This poses a challenge to us. If our packet has left our router for the peer but has not reached it yet and peer packet has left its router towards us in the meantime, hole-punching will succeed. However if either one of our packet reaches the other before the other's had a chance to get out of its own router, the unfriendlier routers would blacklist the endpoint. This means that even if now the packet for the peer leaves the unfriendly router, it will be received by the other end, but the packets from other end will be filtered out due to the blacklist and the more packet it sends the blacklist timers reset thus never allowing the packets through. This has effectively lead to a one way communication. If both routers were unfriendly then not even a one way communication would exist.
The above mentioned scenario was seen in some of the routers tested. To circumvent such routers
this crate uses a technique to trick the routers. The problem is we don't want to reach the
other end fast (thus getting ourselves blacklisted) while updating the filter at our routers.
TTL (time-to-live) to the rescue. While punching hole, we start with the lowest reasonable
TTL (of say 2). Note that some routers were found to drop the packet when
TTL was 1 after
decrementing while some still send it but drop if the TTL reached the value of 0. With 2 it
will definitely go past the first router. We put a delay, increase the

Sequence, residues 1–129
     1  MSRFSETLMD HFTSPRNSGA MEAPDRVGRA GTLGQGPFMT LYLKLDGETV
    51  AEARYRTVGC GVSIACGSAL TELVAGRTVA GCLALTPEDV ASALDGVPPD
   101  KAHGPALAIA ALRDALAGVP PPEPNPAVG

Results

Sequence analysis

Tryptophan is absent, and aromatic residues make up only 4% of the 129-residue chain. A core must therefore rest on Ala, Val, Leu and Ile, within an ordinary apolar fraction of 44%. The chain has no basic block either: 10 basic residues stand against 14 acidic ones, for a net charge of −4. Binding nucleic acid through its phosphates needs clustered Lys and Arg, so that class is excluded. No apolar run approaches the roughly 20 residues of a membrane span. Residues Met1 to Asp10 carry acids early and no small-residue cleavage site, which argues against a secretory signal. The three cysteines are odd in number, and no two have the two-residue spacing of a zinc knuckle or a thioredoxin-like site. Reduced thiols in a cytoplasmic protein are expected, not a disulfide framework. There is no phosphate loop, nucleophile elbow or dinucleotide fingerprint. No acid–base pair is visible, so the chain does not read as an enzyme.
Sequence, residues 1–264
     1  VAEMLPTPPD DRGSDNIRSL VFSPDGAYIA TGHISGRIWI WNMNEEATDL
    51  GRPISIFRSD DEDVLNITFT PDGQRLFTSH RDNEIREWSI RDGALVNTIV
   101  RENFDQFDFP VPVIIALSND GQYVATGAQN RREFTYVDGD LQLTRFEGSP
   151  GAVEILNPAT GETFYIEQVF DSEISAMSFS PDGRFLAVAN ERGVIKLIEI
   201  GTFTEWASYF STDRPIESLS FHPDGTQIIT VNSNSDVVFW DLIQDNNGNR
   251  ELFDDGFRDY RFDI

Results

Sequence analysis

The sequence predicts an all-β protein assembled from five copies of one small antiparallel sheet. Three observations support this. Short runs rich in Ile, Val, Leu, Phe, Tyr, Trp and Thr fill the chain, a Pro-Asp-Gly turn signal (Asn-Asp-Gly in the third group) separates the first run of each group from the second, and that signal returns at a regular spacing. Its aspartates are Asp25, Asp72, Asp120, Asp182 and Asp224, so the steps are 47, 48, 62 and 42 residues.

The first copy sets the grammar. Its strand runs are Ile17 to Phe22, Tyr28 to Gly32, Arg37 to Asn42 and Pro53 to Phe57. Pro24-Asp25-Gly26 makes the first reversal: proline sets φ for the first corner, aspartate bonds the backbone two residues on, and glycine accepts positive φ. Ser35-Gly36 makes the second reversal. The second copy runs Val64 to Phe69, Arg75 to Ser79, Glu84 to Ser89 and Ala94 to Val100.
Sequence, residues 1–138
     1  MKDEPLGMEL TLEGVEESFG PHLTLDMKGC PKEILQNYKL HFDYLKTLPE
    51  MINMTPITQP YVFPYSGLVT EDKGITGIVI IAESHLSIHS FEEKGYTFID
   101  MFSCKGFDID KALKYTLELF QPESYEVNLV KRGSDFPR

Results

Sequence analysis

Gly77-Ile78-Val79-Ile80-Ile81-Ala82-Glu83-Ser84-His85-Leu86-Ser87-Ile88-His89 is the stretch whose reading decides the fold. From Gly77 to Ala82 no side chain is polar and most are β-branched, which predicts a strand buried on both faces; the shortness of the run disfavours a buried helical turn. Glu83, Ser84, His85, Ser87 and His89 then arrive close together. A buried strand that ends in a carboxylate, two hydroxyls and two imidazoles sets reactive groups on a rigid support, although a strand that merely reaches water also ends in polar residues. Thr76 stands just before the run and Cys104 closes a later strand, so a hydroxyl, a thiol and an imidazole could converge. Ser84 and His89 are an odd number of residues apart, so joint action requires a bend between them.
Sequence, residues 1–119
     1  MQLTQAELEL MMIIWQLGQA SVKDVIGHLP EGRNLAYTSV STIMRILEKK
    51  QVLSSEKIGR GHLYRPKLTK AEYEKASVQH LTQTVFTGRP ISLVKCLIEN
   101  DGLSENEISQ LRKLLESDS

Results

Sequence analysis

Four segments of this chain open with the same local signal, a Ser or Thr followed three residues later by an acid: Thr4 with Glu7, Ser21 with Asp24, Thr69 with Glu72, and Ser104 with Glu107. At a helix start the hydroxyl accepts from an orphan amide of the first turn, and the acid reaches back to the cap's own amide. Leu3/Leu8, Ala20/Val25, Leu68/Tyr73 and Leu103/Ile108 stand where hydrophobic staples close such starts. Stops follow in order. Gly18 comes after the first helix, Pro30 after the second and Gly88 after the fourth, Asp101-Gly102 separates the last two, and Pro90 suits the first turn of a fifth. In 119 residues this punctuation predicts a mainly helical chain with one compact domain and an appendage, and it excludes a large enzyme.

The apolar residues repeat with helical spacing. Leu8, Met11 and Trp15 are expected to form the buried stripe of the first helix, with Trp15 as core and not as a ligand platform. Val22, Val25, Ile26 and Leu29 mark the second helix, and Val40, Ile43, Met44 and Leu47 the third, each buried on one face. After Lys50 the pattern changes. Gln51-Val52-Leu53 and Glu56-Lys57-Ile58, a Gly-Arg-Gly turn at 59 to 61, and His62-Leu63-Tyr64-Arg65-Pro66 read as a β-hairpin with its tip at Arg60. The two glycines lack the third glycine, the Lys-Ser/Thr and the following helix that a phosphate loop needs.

TTL by 1 and send
again. Both sides (peers) do this. In practice it's usually the 1st couple (or 3) routers
that do NAT while others are non-NAT. This gives ample amount of time for the NAT-routers to
update their filters to allow the peer's incoming packets in the future while not reaching the
peer quickly themselves and getting blacklisted. By the time we hit
TTL of around 12, we
would likely have reached the other end.
This crate is highly configurable while providing reasonable defaults. So if the user wants
they can choose the starting
TTL and the delay between bumping it up and re-transmitting. The
reasonable default would be to choose 3 sockets per peer, one with
TTL starting 2, one with 6
and one with 64 (or OS default), so that if the fastest one was going to succeed it would do so
immediately (for friendlier routers) otherwise the slower ones would eventually reach there.
The blacklisting happens for the exact (remote) endpoint, so even if the faster ones got
blacklisted by the unfreindly routers the slower sockets (on different endpoints) still have
Once the hole is punched the
TTL is put back to the OS default and normal p2p communication
can ensue. Also once the hole is punched by any socket, the others are immediately discarded so
that we don't end up with a lot of reserved descriptors for a single peer.
Finally the attempt will either timeout (configurable or use the defaults in the crate) or if